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Split Screen: Poetry Inspired by Film & Television

Split Screen: Poetry Inspired by Film &
showcases work inspired by
the moving image. Facing pages each
feature a poem that interprets themes suggested by the media, and the authors' approaches can be compared and contrasted.
I tackled Clint Eastwood's Dirty Harry, and
this poem is set against Mike Dillon's take
on blaxploitation icon John Shaft.

My haiku sequence "Hakai-no-Renga for Inspector Harry Callahan" addresses what
Carl B. Klockars, a professor of Criminal
Justice and Sociology
, calls the Dirty Harry problem: "The troublesome issue ... is not whether a right choice can be made, but
that the choice must always be between
two wrongs. And in choosing to do either
wrong, the police officer inevitably taints
or tarnishes himself.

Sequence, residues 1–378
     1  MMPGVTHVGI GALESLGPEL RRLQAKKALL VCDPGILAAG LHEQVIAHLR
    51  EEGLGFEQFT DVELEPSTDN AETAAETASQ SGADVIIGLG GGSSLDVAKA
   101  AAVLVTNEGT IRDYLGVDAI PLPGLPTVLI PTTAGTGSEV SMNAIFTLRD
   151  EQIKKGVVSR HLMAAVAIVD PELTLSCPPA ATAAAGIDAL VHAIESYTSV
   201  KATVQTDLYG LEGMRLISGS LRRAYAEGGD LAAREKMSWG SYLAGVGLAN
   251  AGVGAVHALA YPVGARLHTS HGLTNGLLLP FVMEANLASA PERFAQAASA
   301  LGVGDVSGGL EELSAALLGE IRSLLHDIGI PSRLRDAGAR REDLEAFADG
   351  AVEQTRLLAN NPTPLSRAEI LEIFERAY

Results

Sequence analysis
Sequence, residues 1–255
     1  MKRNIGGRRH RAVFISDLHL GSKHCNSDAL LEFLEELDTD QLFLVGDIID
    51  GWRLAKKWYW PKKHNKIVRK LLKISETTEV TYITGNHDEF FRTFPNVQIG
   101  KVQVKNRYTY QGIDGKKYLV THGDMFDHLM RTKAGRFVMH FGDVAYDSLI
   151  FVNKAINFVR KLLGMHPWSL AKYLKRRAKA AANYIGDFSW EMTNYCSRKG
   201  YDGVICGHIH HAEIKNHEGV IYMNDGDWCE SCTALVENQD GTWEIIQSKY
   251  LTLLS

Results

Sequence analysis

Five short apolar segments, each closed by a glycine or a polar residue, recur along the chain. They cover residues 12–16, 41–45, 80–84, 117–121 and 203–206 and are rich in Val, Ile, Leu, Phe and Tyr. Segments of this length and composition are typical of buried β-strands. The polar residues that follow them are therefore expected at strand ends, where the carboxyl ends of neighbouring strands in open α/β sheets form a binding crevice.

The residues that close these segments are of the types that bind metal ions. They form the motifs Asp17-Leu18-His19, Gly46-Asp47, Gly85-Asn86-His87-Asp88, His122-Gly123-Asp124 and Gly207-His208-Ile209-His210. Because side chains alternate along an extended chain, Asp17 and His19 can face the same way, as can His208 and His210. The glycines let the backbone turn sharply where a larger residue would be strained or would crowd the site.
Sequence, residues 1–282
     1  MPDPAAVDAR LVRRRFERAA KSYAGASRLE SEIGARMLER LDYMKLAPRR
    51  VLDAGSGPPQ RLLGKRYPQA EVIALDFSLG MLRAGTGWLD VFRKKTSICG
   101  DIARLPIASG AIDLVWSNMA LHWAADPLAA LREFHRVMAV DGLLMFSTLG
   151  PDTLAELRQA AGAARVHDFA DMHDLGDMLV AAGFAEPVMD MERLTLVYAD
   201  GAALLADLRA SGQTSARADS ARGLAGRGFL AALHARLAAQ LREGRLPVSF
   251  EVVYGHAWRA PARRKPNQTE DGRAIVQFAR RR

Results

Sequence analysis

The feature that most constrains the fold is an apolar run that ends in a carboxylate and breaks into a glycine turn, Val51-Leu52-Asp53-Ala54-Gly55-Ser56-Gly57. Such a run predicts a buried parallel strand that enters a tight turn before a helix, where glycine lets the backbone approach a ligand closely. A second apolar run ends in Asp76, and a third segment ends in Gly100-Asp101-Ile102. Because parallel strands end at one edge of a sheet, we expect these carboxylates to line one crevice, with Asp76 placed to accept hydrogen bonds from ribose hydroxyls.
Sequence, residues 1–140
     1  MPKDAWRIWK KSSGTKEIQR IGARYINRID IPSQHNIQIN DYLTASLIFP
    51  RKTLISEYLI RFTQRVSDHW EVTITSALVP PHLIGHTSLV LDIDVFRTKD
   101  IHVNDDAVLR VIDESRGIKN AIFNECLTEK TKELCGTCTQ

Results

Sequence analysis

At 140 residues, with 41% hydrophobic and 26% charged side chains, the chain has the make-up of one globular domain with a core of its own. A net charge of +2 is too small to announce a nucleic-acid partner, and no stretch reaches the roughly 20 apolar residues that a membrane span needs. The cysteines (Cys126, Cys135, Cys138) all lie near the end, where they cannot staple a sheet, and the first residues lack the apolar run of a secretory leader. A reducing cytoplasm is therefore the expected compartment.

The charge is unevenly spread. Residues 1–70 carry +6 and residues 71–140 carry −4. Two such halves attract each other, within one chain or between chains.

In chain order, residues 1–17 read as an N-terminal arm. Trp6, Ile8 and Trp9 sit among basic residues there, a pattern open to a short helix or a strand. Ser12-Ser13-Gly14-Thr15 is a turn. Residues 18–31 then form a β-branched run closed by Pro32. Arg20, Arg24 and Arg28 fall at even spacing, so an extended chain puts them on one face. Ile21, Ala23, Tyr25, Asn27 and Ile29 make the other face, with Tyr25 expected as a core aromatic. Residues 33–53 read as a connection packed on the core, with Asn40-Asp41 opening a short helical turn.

I don't attempt to solve that conundrum,
but use the oblique approach of Japanese
formalism to let readers make up their
own minds. A working title for my
contribution was "The Trouble with Harry"...

Andy Jackson's anthology will be published
by Red Squirrel Press.
Update: Split Screen editor Andy Jackson
has accepted another of my poems for his
forthcoming anthology
. This time I have
plugged a gap in the contents with lines
about none other than Emperor Ming from
the Flash Gordon
series. "Merciless" will be
published beside
Helen Ivory's poem on the
Child Catcher from Chitty Chitty Bang Bang.